The April 2018 CanWaCH ‘Beyond 2020’ conference brought together national and international leaders to shape the way Canadian leadership on development and women and children’s health will unfold post-2020. Over two days, delegates discussed how Canadian leadership on gender equality and women and children’s health will accelerate progress toward the Sustainable Development Goals (SDGs). Delegates strongly emphasized that business as usual is insufficient, and change is needed at Canadian and global levels to reach the SDGs. They saw Canada’s presidency of the G7 and hosting of the 2019 Women Deliver conference as key moments for leadership. Delegates stressed the need to connect our domestic efforts, particularly to improve Indigenous health, to our work abroad – “If our communities don’t work, the world doesn’t work and vice versa. That’s the universal agenda”[2]. Participants also stressed the need for Canada’s approach to account for the changes in the global landscape over the coming 20 years, including the impact of climate change, increased conflict and the youth bulge. From these discussions, emerged seven key themes discussed below.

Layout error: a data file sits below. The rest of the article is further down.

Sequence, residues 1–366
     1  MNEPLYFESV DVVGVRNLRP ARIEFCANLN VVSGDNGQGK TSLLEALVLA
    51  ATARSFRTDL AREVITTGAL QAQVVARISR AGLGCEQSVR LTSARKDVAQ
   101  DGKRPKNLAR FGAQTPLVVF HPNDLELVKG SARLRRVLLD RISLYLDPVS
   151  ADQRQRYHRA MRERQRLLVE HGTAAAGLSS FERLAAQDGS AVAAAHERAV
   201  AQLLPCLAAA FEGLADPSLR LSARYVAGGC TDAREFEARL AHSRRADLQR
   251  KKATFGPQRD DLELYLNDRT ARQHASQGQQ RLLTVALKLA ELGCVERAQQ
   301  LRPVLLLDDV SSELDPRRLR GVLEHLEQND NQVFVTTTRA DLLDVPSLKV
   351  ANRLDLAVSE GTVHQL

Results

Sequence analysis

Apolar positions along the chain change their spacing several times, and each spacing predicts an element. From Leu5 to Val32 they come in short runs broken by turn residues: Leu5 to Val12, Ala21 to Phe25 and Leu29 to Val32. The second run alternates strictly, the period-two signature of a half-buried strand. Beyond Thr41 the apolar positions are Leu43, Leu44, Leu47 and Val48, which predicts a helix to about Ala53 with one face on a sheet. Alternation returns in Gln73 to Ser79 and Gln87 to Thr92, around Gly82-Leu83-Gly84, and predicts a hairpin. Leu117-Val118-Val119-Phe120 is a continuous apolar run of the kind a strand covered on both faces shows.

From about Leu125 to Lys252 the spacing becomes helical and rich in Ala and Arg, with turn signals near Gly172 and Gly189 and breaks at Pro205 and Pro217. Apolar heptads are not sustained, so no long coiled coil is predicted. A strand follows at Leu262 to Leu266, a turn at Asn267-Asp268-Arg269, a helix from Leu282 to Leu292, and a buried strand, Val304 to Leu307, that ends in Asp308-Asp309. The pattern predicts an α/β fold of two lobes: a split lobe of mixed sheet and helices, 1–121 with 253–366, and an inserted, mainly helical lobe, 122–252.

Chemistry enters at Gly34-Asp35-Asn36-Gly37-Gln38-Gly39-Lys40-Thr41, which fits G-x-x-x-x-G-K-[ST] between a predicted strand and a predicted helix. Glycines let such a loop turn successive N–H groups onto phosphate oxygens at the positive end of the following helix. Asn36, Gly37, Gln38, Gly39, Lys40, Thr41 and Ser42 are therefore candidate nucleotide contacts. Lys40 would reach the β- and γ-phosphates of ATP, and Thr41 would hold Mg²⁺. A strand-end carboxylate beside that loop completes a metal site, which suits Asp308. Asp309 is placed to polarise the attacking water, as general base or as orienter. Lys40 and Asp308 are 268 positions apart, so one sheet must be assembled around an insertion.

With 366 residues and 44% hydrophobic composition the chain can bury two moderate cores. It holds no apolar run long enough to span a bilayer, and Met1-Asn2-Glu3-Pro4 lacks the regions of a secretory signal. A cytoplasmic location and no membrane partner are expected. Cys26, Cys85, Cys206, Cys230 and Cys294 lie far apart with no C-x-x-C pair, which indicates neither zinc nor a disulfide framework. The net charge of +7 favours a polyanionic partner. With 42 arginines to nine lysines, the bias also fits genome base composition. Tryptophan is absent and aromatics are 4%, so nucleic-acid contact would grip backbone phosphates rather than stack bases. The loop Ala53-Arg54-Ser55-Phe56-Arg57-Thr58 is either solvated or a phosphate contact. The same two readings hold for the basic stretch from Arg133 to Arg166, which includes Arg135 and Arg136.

This outcomes report brings together both quantitative and qualitative analysis of the panels, speakers and discussions. It was informed also by a specific session on outcomes that examined in depth the pre-conference discussion paper.  This report is designed to prompt further discussion and change within the sector, and to inform Canada’s role in the collective action required to fulfil the SDGs at home and around the world, in line with Canada’s Feminist International Assistance Policy (FIAP).


Addressing discriminatory norms is crucial because decision-making power is paramount to adolescent girls’ health. Dominique LaRochelle, Save the Children Canada

Consideration of gender equality is critical for every aspect of global health. Don’t let anyone tell you differently. Michelle Dowling, SickKids Centre for Global Child Health